The statistics are shoddy
Lies, damn lies, and statistics. Read the original paper: http://www.prsa.org/Intelligence/PRJournal/Documents/2012DiStaso.pdf .
In it, the relevant paragraph is this:
"When asked if there are currently factual errors on their company or client’s Wikipedia articles, 32% said that there were (n=406), 25% said that they don’t know (n=310), 22% said no (n=273), and 22% said that their company or client does not have a Wikipedia article (n=271). In other words, 60% of the Wikipedia articles for respondents who were familiar with their company or recent client’s article contained factual errors."
This is abuse of statistics. First of all, it measures *whether PR people say there's an error*, not the actual error rate—and it begs the question of the reliability of that proxy. Second, the people who say they're not sure about their article are left out of that ridiculous 60% statistic. A more reasonable interpretation of the same results is that *about 30% of those whose employers have an article alleged an error*. That's still too high, but it's an entirely different statistic.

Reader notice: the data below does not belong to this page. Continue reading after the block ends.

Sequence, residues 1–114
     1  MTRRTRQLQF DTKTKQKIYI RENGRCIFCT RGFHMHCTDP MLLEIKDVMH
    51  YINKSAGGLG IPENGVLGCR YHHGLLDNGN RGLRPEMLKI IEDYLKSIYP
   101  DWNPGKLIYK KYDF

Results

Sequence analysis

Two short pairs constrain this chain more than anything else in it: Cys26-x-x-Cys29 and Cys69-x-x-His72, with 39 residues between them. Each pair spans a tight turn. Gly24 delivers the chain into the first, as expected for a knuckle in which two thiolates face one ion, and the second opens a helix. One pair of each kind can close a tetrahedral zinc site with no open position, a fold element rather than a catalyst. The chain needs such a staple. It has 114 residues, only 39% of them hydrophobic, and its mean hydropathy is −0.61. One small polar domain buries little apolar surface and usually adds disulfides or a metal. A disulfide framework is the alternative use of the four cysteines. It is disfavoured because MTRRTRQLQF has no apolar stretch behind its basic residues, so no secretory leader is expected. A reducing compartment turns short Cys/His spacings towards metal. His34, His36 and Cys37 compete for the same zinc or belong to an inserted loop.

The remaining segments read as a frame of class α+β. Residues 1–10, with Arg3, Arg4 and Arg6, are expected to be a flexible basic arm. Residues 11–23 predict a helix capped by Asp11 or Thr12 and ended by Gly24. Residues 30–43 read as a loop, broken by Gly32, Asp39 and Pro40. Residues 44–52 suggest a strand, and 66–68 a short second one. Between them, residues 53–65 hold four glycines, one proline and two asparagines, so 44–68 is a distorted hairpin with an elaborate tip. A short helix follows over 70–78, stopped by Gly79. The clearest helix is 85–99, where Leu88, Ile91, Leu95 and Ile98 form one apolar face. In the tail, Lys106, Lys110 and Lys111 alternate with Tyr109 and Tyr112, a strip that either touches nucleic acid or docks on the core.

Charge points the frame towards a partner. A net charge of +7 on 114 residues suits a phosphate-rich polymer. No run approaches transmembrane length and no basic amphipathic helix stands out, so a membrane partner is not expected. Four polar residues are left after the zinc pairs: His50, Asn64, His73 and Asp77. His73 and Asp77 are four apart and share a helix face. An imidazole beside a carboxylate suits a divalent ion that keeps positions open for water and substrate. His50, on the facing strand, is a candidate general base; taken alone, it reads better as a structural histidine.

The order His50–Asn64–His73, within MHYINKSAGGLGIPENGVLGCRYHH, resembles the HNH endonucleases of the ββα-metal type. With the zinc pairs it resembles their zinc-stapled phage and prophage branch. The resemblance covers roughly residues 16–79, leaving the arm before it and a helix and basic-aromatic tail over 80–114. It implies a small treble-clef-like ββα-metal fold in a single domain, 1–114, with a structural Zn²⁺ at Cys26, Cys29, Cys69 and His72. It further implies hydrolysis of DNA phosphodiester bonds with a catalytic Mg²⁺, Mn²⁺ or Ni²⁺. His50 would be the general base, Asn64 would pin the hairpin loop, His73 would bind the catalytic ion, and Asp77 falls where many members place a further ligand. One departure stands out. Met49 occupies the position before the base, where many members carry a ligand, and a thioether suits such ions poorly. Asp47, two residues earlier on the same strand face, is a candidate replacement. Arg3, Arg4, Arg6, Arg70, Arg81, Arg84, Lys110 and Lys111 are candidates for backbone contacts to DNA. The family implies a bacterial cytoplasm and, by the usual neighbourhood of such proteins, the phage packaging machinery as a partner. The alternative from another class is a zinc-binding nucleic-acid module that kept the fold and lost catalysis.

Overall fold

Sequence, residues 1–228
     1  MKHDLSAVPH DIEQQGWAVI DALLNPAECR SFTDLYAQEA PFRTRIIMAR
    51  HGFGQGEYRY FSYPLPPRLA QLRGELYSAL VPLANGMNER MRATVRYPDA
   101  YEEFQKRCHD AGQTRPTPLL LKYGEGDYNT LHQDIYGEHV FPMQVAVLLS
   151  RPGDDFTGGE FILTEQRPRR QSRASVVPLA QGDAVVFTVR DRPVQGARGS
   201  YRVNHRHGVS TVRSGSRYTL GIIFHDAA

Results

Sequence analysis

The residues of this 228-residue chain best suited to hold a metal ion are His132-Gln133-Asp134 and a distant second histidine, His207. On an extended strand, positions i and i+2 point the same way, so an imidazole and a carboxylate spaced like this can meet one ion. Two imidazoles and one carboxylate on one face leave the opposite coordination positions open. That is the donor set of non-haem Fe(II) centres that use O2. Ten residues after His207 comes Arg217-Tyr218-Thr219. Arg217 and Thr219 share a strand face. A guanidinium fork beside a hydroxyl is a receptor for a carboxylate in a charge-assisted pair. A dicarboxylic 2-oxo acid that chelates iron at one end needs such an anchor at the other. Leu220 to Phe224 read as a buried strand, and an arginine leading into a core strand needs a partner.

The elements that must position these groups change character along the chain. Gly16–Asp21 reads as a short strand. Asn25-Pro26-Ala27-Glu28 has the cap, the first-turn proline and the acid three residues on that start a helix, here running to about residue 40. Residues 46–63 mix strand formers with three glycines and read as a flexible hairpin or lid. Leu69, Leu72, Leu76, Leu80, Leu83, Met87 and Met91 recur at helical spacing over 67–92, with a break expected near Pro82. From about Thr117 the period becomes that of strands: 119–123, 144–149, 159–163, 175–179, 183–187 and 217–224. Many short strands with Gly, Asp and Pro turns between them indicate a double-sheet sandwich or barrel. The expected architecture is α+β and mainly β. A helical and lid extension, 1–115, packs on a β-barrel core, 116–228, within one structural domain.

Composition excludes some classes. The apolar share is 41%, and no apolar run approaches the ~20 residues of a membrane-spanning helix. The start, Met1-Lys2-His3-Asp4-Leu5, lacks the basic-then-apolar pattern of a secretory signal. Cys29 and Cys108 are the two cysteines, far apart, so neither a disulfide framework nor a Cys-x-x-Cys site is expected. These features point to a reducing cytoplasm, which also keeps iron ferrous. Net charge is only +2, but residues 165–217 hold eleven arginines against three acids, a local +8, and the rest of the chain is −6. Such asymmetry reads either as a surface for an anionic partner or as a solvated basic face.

This error is magnified by the nature of the sample: this research was done by *online survey*. Since presumably only those interested in answering answered, there's a possibility that the sample is biased to begin with towards those with an interest in Wikipedia—say, because they're aware of an error in their article.